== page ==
Before we left for the trip, I questioned the need to have a laptop computer.  In Thailand, more than any place else, the laptop came in very handy as an entertainment tool.  This, of course, is because of the incredible amount of movie and music piracy that occurs in Thailand.  Reprehensible or not, we were constantly flush with the latest flicks.

Also, I discovered a new and better way to upload pictures, blog, etc. from Internet cafes.  I used to put everything on a USB pen drive and take it to an Internet café. Now I take the whole computer with me and ask them to let me plug it into their Ethernet cable.  So far this has worked every time and I can work from the comfort and relative cleanliness of my own computer.

If you’re traveling in Thailand for more than a week or two and need to use your phone a lot, I recommend buying a new SIM card (on the AIS, 1-2-Call Network) for your mobile needs.

Tech Report: Japan

By: leelefever on August 11, 2006 - 11:11pm

Part of our trip is focused on experimenting with technology and mobile networks as we travel around the world.  A tech report is our way of relating the geeky side of what we're discovering.

Japan is one of the places in the world that one would expect to encounter the highest technology and in many ways, we were not disappointed.  However, in terms of testing and using the Japanese mobile network, we were left in the cold. Japan’s mobile network evolved without integration with the GSM international standards. So my Treo 650 was worthless in Japan.  GSM “worldphones” will not integrate with the Japanese network, though the word on the street is that this may change soon. Japan does use CDMA, but it is not as prevalent as their PDC system. 

This quote from an informative Japan Zone article may help:

Very briefly, there are three mobile phone technologies supported by the major networks within Japan - PDC (Personal Digital Cellular), CDMA (Code Divisional Multiple Access) and WCDMA. DoCoMo, Vodafone and TU-KA support the established PDC, and DoCoMo and Vodafone have also introduced the newer WCDMA, while AU supports CDMA. All three of these technologies are incompatible with each other.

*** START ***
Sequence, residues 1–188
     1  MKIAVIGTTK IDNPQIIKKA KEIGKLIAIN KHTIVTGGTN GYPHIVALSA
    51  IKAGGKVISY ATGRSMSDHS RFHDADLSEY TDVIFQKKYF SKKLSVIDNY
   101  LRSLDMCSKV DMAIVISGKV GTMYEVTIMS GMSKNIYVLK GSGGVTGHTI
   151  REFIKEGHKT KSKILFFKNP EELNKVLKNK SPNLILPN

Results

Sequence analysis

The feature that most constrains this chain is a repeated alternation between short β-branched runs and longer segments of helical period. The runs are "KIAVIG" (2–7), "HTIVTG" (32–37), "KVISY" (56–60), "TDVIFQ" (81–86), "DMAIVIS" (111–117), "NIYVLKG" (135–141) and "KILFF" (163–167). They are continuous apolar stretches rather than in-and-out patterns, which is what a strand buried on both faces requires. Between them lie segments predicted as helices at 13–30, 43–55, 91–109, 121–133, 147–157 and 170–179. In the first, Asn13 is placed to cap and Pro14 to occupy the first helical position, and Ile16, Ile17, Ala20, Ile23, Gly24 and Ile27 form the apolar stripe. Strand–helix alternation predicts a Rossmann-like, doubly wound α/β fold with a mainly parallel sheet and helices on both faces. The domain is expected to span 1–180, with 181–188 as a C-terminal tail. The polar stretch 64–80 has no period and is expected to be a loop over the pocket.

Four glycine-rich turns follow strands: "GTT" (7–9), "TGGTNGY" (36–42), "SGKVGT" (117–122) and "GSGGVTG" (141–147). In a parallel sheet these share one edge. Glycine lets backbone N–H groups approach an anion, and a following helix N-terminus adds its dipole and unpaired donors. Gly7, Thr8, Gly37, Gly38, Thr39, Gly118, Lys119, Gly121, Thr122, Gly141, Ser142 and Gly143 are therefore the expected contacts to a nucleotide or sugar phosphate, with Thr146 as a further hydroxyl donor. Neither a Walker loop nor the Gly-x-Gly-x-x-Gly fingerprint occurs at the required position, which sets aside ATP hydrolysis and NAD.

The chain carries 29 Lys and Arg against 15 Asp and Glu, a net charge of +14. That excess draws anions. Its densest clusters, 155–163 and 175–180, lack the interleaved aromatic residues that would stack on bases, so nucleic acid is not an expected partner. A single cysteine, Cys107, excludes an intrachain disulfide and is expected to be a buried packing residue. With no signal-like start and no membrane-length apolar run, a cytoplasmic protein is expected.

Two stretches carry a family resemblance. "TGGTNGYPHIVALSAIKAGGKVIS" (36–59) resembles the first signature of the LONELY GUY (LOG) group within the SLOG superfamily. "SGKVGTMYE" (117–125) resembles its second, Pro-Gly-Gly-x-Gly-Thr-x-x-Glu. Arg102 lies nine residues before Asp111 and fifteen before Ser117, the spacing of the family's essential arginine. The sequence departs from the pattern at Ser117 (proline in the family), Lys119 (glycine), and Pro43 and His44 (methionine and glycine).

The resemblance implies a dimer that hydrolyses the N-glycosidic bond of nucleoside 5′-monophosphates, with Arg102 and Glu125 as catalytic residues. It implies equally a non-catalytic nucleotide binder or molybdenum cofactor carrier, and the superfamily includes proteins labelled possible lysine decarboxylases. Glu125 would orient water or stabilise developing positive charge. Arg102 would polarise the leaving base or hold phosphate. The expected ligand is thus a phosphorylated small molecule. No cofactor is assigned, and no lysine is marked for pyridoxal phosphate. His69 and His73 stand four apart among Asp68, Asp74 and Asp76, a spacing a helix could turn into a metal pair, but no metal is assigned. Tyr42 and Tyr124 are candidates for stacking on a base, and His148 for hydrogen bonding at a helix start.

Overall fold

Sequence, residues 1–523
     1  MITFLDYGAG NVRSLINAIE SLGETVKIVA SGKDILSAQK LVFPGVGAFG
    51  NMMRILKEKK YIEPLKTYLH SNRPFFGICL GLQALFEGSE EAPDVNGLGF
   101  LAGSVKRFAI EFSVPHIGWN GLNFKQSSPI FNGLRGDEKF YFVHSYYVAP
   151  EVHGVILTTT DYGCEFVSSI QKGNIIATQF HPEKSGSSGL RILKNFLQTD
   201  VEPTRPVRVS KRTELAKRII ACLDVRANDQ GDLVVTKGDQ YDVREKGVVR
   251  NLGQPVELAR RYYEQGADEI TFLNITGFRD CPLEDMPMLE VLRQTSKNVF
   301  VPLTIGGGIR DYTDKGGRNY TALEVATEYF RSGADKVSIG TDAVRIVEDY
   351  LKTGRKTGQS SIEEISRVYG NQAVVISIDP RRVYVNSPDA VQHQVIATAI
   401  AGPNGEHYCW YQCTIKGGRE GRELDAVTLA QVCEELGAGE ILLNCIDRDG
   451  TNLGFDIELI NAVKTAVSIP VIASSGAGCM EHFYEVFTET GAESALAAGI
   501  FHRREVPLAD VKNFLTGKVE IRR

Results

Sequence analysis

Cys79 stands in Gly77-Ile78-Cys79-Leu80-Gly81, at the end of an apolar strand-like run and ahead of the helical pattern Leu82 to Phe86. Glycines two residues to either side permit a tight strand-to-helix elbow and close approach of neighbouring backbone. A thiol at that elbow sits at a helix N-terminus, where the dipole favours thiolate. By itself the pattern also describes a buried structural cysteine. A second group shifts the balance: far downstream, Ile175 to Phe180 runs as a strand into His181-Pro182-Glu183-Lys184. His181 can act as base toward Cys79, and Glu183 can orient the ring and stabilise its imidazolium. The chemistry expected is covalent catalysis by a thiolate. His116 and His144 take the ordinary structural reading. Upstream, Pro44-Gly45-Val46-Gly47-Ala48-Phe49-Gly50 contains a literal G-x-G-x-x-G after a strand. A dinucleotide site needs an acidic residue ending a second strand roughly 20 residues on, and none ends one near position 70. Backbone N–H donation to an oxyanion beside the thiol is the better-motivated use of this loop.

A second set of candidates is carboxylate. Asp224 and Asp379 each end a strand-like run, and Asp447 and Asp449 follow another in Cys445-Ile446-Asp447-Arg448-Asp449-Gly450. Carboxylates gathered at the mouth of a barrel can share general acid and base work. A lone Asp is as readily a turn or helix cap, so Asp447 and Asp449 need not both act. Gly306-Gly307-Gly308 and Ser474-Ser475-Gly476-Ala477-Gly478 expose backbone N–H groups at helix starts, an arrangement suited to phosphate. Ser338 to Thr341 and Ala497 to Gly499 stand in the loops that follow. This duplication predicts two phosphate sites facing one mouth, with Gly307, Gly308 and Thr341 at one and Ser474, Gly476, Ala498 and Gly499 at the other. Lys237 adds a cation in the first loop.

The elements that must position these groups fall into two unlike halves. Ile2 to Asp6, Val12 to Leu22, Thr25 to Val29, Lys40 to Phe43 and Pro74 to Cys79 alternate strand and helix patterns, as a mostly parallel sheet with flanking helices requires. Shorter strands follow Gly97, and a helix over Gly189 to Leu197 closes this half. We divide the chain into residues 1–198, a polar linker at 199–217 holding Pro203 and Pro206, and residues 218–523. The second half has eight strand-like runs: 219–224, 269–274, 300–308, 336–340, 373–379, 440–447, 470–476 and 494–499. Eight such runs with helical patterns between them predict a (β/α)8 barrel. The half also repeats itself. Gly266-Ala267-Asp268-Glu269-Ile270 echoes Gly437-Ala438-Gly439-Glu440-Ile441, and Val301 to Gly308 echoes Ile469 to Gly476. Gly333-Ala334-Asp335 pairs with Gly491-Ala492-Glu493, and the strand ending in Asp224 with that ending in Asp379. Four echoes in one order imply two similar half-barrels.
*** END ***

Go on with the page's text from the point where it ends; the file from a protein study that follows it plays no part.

It is possible to rent phones while in Japan, but we didn’t.

Within Japan, the mobile network is quite sophisticated.  One of the more advanced capabilities I experienced was when we met up with Gen Kanai in Tokyo.  He looked up a restaurant’s phone number, put the number into the GPS tool on his phone and then had the phone lead us to the restaurant with a dynamic map and car-style voice commands. Mobile GPS- very cool and something I think (hope) we’ll all have in the US soon.

I had assumed that the Japanese are big users of SMS (short message system), but this is not the case.  They do use their phones for text communication, but it all occurs via email, not SMS.  The difference is the same as it is between instant messaging and email on your home computer. 

More than any other Asian country, in-room Internet access in the norm, and often with blazing fiber-optic connection speeds.  I made a habit of bit-torrenting all sorts of things while in Japan. Internet cafés are accessible from nearly everywhere, but not nearly as pervasively as in other Asian countries. Like the US, I imagine that home computers and mobile capabilities limit demand for cafés.

Wi-fi is available somewhat ubiquitously, though we did not seek it out often. In most urban settings, I would see networks available, but mostly secured.  In the remote Alpine  mountain village of Kamikochi, where there is not really even a town, we found a strong wi-fi signal, much to our delight. 

If I could do it over again, I would likely rent a Japanese phone and give it a test run.  It is also important to remember that buying electronics abroad can sometimes be hazardous.  Products like cameras, computers, etc. are meant for the Japanese public and not visitors so they have instruction manuals, cords and even keyboards/controls built to Japanese specifications.